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Old 12-01-2019, 05:30 PM
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Mitochondrial DNA Mutating.


Does Mitochondrial DNA ever mutate? You certainly never hear of that happening.

In case you don't know, the Mitochondria are those little dark oval-shaped things in your cell, from HS biology class. I think they are responsible for metabolizing energy in the cell. Or something like that. And I know that they have DNA because I heard in the news how they are sometimes used to establish maternal ancestry. (They are passed from ovum to ovum. Until they reach a male heir. Then they are received, but not passed on.)

Thank you all in advance for your kindly replies.

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Old 12-01-2019, 05:39 PM
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They couldn't be used to establish maternal ancestry if they didn't mutate. If they didn't mutate, everyone would have exactly the same copy and it would then be useless. Instead, everyone has slightly different copies that can be used for genealogy and if they mutate in the wrong way can be one of the causes of mitochondrial disease.
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Old 12-01-2019, 06:08 PM
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Quote:
Originally Posted by Jim B. View Post
Does Mitochondrial DNA ever mutate? You certainly never hear of that happening.

In case you don't know, the Mitochondria are those little dark oval-shaped things in your cell, from HS biology class. I think they are responsible for metabolizing energy in the cell. Or something like that. And I know that they have DNA because I heard in the news how they are sometimes used to establish maternal ancestry. (They are passed from ovum to ovum. Until they reach a male heir. Then they are received, but not passed on.)

Thank you all in advance for your kindly replies.

Mitochondrial DNA is inherited only from the mother. So mitochondria is not created with the essentially random mixing of two independent inputs. That random mix is why we can breed for traits in horses or dogs... or humans. But starting with two random humans, you get a third random human. Darwin's suggestion that, by selecting for certain traits, you could get a new species (The Origin of Species), depends on the development of new and different information, not simply inherited from your parents*.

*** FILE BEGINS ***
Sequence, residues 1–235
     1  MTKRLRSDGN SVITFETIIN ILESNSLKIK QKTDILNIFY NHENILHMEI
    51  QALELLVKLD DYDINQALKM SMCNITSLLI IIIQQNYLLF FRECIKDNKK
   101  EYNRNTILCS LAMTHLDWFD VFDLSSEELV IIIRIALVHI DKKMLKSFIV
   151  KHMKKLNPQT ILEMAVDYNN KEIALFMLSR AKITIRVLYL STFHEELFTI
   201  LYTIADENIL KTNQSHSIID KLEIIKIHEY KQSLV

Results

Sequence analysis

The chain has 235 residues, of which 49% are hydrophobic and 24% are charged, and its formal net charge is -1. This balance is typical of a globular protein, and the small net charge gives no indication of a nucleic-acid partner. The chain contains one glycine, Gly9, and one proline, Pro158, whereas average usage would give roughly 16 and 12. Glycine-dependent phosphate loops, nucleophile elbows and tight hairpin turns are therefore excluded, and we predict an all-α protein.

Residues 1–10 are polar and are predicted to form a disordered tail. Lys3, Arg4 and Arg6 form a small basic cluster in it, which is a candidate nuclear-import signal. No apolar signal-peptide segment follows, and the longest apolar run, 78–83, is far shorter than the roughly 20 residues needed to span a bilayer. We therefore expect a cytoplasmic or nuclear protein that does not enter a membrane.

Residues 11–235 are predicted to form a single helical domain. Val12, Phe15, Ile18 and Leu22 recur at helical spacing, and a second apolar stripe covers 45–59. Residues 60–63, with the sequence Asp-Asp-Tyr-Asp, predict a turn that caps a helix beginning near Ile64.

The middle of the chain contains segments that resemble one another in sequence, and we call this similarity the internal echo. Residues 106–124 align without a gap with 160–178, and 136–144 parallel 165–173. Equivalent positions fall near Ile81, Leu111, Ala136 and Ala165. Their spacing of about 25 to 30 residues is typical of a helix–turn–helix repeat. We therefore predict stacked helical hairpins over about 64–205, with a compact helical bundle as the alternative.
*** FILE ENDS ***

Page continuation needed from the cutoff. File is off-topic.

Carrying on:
The development of new information is now called mutation. When you get a helpful mutation, you can then use breeding to select for the new mutation. When you know what mutation you want, you can now use 'genetic engineering' to create the mutation, followed by selective breeding to get the population you want.

Different species, and different structures, get different rates of mutation, and different rates of helpful mutation. I don't know where mitochondrial DNA falls on that scale. But for DNA analysis, the import points are that (1) There is mutation, and (2) the mutation isn't obscured by random breeding.

*Or, there could be sufficient information in every DNA line for all DNA-based life, for every species that ever existed, and every species that will ever exist. That doesn't seem to be the case.
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Old 12-01-2019, 06:44 PM
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Sexual reproduction doesn't increase the rate of mutation, but it increases the rate at which mutations can spread through the population. If you start with a population of a bunch of big gray dogs and want to breed a small brown dog, you can wait for a mutation for a brown dog to arise, and at the same time wait for a mutation for a small dog to arise, and then breed the small dog and the brown dog together, and you might get some that are both small and brown. Without sexual reproduction, you'd have to wait for mutations for one trait, and once you had it build up that population, and then wait for mutations in the other trait.

Mitochondria, of course, don't have sex in the same sense that we do. Many single-celled creatures have developed other ways of exchanging genes that serve the same purpose, but I don't think mitochondria have any of those, either. So changes spread slowly.
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Old 12-01-2019, 08:19 PM
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All genetic material mutates, period, end of sentence, tiny little dot. Mitochondrial DNA on the order of a hundred times faster than nuclear DNA.
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Old 12-01-2019, 09:32 PM
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Yes, mitochondria DNA mutates. Understanding the mutation rate allows geneticists to perform analysis to determine how much time has elapsed since the last common ancestor of two species being compared.

It has been long though that mitochondrial DNA in humans is only maternally inherited. But in the last couple decades has it been confirmed that there can be paternally derived mitochondrial DNA in humans as well. A better understanding of this process and how frequently it occurs could refine our understanding of evolutionary DNA analysis.
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